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Every Bone is Precious

Roger Stephenson (Lightwaves@aol.com) laments:
> I saw the results of weathering on cretaceous bones, and it's not a pretty
> sight.  In fact it's very sad to see a hadrosaur femur turning to rubble. We,
> dino freaks, need to raise a lot of money to recover as much material as we
> can before these world treasures are lost forever.

Don't get too depressed, the Cretaceous outcrops presently accessible have
been eroding for millions, even tens of millions of years.  Mesozoic rock
strata extend underground where they are protected by overlying Tertiary
and Quaternary sediments thousands of meters deep.  There will continue to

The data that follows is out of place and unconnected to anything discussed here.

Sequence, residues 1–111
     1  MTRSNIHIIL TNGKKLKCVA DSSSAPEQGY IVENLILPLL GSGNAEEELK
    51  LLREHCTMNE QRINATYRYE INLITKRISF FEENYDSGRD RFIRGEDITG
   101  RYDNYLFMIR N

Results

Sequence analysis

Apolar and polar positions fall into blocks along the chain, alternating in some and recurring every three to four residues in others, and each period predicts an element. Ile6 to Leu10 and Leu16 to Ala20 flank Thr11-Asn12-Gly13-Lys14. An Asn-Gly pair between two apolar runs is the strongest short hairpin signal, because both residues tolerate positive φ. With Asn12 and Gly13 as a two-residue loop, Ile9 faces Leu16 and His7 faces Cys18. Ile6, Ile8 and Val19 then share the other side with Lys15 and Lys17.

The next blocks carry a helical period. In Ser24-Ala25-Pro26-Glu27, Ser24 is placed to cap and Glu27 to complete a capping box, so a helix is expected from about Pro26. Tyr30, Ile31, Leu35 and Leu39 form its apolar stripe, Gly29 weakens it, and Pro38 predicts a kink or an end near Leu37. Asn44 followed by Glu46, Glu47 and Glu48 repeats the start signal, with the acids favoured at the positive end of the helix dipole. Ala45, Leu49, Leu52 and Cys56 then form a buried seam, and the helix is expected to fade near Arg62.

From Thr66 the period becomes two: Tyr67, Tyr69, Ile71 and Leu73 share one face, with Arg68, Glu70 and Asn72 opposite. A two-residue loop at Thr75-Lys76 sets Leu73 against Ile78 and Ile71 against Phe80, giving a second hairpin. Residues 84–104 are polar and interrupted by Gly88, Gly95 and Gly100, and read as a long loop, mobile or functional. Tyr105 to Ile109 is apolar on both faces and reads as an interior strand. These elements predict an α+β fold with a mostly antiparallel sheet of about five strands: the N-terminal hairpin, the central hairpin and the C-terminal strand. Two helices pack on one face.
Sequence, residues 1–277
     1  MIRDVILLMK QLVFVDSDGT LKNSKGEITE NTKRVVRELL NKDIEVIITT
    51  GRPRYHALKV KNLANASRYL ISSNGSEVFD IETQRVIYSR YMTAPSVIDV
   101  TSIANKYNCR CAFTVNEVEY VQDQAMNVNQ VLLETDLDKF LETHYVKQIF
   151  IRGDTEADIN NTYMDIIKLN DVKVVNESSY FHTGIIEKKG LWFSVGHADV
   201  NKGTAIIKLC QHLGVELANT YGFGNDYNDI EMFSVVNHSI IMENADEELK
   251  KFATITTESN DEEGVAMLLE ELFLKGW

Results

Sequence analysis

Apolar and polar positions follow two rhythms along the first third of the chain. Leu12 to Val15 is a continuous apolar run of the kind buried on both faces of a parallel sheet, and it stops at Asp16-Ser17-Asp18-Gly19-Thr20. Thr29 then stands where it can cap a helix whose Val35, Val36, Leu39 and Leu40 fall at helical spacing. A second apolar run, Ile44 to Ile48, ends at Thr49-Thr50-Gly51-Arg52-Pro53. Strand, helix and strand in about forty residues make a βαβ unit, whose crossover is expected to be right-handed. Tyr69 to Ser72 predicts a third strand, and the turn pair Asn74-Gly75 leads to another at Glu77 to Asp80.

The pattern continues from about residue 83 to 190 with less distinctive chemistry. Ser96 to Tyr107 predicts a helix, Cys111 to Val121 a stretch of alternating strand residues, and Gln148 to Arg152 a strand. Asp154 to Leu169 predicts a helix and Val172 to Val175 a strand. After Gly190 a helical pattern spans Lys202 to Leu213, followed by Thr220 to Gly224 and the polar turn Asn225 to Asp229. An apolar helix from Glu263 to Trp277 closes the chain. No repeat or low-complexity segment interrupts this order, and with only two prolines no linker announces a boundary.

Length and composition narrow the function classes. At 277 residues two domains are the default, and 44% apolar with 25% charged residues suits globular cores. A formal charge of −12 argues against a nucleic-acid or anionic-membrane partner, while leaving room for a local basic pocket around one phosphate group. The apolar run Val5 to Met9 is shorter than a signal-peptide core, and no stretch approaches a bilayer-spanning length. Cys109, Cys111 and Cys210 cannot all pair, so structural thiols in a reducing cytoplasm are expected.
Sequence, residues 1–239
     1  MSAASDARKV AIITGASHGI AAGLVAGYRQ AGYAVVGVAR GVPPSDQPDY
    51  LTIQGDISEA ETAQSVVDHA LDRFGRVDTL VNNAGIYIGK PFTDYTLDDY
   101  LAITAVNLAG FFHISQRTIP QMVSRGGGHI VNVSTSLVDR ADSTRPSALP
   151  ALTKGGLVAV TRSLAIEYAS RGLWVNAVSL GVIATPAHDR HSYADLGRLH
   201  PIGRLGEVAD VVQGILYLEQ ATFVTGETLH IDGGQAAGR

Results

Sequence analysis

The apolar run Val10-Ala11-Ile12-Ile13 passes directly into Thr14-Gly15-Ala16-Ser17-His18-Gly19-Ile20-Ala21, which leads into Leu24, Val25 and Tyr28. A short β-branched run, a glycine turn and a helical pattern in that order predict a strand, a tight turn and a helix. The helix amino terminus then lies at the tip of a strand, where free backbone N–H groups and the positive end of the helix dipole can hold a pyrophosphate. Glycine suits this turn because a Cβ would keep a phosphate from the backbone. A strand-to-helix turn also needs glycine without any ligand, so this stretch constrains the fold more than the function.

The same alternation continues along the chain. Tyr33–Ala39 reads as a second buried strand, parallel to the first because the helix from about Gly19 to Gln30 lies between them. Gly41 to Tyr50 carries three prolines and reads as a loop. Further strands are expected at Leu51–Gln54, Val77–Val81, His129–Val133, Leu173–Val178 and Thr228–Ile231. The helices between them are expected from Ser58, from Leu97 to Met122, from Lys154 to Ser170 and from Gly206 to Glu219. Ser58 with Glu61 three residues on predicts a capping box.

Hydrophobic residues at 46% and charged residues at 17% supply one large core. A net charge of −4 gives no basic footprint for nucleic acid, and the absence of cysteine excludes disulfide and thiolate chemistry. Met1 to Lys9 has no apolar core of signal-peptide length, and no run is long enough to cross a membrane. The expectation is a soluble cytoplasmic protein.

be Cretaceous fossils coming to the surface (or rather, the surface retreating
to expose the fossils) for the foreseeable future.  And, as far as undertaking
massive programs to salvage all possible fossil material is concerned,
wouldn't it make sense to spend some of that money developing deep
subterranean-imaging sonar and/or radar technology?  Once we had that, we
could scan the hills, pinpoint the best examples of new fossil localities
where they lie undisturbed, then dig directly to them.

    ``In a few years we won't even have to dig anymore.''
    ``Where's the fun in that?''

I'm not saying paleontology couldn't benefit from expanded prospecting and
excavation programs; just pointing out that the world is in no real danger
of running out of interesting fossils due to erosion.

Mike Bonham     bonham@jade.ab.ca